However, contrary to wide-spread belief it is not sufficient to be just compliant to requirements. High quality does not merely result from functionality and let’s say performance. Besides functional and non-functional requirements there is another usually unspoken requirement: Customers always want software fulfil their requirements today, but also tomorrow and the day after. Customers want investment protection through evolvability.

For customers this requirement pertains implicitly. They think it come naturally that an immaterial product like software can be eternally adopted to new requirements by pressing a button. Also managers often believe in this. And even software developers themselves.

The misunderstanding could hardly be bigger. Evolvability neither is self-evident in the sense the target that a software developer strives for, nor comes it naturally out of thin air. Evolvability on the contrary is hard work and steadily needs balancing against other values.

Other compliances can be determined by (automatized) tests – so what about evolvability? Can code quality be measured in an automatized way regarding vitality and survivability? Partially yes. Not all aspects can be verified by a machine. For instance it won’t recognize if software is being kept open for enhancements via an add-in concept.

Nevertheless there are measurable metrics for software. There is support by tools which should be used in any software project.

  • Fore legacy code, tools can retrieve the status quo and define a baseline to compare the future code development.
  • For new code, developed considering evolvability, static code analysis will show if planned goal was achieved

Clean Code Developer are not satisfied with having code tested automatically. They always will keep an eye on its evolvability because they know that customers expect it – indifferent if they explicitly said it or not.

Inversion of Control Container

Why?
It is easier to configure things which are not hard-wired.
Evolvability   
Correctness   
Production Efficiency   
Continuous Improvement   
Single Developer

In yellow grade the CCD got to know Dependency Inversion Principle. While there the dependencies were resolved “by hand”, the next step will now be to automatize that. Two techniques are available for this:

  • Locator
  • Container

Both use a so-called Inversion of Control Container (IoC Container). Initially the classed used need to be deposited in the container. Then the container can provide instances of the deposited classes. With a Locator this happens explicitly. Advantage is that dependencies do not need to be listed in the class’ constructor. With crosscutting aspects like Logging this is the usual approach. Though normally the dependencies will be provided as constructor parameters. Advantage is that all dependencies are visible. The container can implicitly resolve the dependencies by recursively instancing all required objects via the container.

IoC container become important when the number of classes is growing. If you consider Separation of Concerns, many small classes with reasonable sizes with be created. Combining instances of these classes will be more effort accordingly. This is where an IoC Container comes into play – it helps with instantiating and combining multiple small objects.

Further benefit of IoC containers is that they can define the lifecycle of an object via configuration. If there shall be only one unique instance of an object (Singleton), you will simply advice the container to always return the same object. Also other lifecycles like one instance per session are supported.

To avoid dependency on a specific IoC container you may use Microsoft Common Service Locator (see Tools). It provides a unified interface to common IoC containers.

It is helpful to implement the functionality of an IoC container yourself to understand mechanics beyond. Don’t build a fully-fledged container but just the basic functions.

Share Experience

Why?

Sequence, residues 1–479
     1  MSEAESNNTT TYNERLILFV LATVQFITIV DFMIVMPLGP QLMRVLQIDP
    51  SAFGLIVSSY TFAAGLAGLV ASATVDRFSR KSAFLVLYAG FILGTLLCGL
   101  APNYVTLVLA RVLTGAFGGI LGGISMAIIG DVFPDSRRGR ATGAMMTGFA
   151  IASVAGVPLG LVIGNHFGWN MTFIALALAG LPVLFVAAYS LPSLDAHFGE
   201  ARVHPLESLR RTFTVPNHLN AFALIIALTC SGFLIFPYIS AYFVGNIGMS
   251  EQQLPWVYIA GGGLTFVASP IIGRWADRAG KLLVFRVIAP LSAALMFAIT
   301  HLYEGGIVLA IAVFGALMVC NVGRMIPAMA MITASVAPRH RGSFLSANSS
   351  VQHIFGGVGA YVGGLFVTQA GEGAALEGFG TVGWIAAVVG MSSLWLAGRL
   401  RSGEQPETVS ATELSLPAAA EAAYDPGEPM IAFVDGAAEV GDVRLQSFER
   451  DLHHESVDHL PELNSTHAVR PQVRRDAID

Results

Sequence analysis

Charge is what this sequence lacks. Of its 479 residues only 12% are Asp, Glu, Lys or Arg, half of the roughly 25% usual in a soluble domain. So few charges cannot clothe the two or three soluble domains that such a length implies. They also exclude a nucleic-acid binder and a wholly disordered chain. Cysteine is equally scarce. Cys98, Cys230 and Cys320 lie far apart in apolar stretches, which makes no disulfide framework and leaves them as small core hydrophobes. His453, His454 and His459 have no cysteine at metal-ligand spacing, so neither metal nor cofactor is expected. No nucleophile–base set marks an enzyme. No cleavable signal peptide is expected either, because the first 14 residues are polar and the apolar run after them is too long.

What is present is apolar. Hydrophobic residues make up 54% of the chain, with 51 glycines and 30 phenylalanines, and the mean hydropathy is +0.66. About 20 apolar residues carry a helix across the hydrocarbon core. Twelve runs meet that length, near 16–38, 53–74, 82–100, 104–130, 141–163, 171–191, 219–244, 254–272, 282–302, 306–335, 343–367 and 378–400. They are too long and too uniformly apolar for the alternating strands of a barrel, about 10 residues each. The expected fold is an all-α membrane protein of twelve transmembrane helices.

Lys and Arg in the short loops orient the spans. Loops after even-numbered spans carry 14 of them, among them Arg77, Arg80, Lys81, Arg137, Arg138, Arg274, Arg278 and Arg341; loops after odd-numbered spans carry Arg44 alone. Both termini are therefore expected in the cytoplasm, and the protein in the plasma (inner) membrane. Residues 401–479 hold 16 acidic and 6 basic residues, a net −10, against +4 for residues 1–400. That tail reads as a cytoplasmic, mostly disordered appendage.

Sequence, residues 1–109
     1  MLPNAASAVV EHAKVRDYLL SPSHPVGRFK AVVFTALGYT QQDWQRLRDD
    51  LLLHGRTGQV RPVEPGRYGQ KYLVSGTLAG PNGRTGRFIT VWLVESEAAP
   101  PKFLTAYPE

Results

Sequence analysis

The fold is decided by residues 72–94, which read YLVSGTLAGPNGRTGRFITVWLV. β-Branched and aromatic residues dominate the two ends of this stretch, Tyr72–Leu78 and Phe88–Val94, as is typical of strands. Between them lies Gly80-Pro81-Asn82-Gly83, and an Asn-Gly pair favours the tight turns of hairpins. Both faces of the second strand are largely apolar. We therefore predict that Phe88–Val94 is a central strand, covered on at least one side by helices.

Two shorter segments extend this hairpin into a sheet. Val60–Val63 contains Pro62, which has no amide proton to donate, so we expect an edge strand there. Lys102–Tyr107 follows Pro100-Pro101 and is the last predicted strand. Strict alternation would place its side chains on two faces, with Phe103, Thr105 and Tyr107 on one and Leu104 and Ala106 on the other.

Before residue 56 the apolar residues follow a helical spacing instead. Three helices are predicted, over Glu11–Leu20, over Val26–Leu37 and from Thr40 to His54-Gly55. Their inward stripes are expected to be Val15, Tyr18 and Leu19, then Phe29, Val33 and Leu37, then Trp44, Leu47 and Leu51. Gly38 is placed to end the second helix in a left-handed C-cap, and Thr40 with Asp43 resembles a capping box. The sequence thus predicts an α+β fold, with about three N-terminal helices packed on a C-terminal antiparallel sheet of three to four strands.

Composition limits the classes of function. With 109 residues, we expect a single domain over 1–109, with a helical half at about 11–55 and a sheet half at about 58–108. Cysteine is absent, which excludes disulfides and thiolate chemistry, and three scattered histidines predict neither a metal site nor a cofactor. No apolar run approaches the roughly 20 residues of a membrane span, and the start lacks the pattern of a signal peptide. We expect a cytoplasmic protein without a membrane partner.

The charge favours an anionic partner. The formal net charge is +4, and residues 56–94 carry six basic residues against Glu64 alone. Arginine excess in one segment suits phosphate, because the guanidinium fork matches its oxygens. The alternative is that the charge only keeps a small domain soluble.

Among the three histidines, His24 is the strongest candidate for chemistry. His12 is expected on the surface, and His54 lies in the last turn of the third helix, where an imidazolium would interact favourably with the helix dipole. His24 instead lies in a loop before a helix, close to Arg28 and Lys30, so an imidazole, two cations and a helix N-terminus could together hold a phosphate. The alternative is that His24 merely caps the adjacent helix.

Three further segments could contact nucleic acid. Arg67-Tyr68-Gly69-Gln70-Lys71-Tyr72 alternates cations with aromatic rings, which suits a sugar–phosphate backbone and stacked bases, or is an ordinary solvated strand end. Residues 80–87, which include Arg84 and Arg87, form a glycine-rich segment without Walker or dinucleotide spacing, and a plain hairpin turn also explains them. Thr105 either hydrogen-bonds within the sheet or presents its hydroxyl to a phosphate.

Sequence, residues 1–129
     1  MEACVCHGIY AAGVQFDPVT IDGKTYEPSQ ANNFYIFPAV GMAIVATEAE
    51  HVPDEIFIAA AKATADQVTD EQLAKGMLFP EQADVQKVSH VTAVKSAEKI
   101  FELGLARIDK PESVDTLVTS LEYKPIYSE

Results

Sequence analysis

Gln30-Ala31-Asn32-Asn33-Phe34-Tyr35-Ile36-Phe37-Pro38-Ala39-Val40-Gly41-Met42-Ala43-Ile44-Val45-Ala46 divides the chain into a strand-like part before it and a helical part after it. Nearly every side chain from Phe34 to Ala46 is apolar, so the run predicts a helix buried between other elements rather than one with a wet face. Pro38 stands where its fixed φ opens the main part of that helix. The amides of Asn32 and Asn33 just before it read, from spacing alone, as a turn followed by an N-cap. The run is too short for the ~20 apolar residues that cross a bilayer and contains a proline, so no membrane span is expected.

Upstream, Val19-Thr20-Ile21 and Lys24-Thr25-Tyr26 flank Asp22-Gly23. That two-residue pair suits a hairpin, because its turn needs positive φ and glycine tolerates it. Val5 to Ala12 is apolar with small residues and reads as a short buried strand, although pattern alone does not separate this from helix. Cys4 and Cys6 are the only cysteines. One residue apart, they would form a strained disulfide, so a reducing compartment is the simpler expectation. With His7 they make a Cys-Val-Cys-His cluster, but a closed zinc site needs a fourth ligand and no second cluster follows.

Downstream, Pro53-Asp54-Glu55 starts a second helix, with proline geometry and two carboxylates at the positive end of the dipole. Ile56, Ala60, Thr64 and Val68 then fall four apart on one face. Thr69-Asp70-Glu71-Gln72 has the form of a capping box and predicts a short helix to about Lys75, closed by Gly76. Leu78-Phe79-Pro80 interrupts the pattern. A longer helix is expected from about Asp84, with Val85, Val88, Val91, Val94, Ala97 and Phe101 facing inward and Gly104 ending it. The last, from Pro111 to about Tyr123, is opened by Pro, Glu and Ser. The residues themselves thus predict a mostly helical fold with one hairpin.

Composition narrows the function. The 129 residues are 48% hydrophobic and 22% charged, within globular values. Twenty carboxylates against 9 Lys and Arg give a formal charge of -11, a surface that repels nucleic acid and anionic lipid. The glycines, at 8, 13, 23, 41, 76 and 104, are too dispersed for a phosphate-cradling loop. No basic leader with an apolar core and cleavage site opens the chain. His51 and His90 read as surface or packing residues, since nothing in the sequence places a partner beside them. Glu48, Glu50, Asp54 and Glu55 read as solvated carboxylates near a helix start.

Sharing your experience helps others and yourself.
Evolvability   
Correctness   
Production Efficiency   
Continuous Improvement   
Single Developer

Professional work requires up-to-date knowledge. It doesn’t mean that anyone would know everything about software development even only on the .NET platform. Up-to-date knowledge concerns you specialist fields – whichever those might be. Thus other grades contain practices for gathering information over various channels regularly.

However collecting information is only the first of two steps. The second step is providing information; knowledge transfer. Professionalism includes research and teaching. Only with teaching a subject it will be fully conceived.

This becomes clear when you try to explain an (assumedly) learned topic to someone else. Quickly questions occur which you never asked yourself. Other people will often have a totally different perspective.

So you should expose yourself to teaching, passing on information, knowledge transfer. Presenting your learning in your own words in front of an audience will tell you how deep your knowledge really is. Question marks over your “pupils” heads may indicate that something is still wrong.

A real audience is optimal. This can be a meeting with colleagues or a user group event. You will get direct feedback there. Alternatively or additionally written knowledge transfer are suitable, too. A blog is drafted in 5 minutes and professional magazine are permanently looking for new authors. Feedback is not that direct but still putting your stuff into textual form is a good exercise.

 

Error Measurement

Why?
You will only be able to reduce the error rate, if you first-hand know how many errors occur and adopt your approach accordingly.
Evolvability   
Correctness   
Production Efficiency   
Continuous Improvement   
Team

Mistakes happen. In all phases of software development: Misunderstood or unclear requirements same as buggy implementations. Finally everything is a mistake which results in a software that does not fulfills the customers’ requirements. An iterative approach and reflection are two building blocks which help to improve the process. For knowing if improvement happens, you will have to have a measured variable to compare.

Error measurement can be counting or taking time. Precision is not in the fore as long as the measuring method returns comparable data. A trend of multiple iterations shall become apparent. In the end it doesn’t matter who caused the error as long as the team learns and improves its process.

Do not measure errors occurring during development. These are unavoidable and hopefully result in an errorless product at the end of an iteration. It is about errors reported after an iteration from the customer, product owner or support. Those errors interfere implementation of new requirements.

Next is blue grade.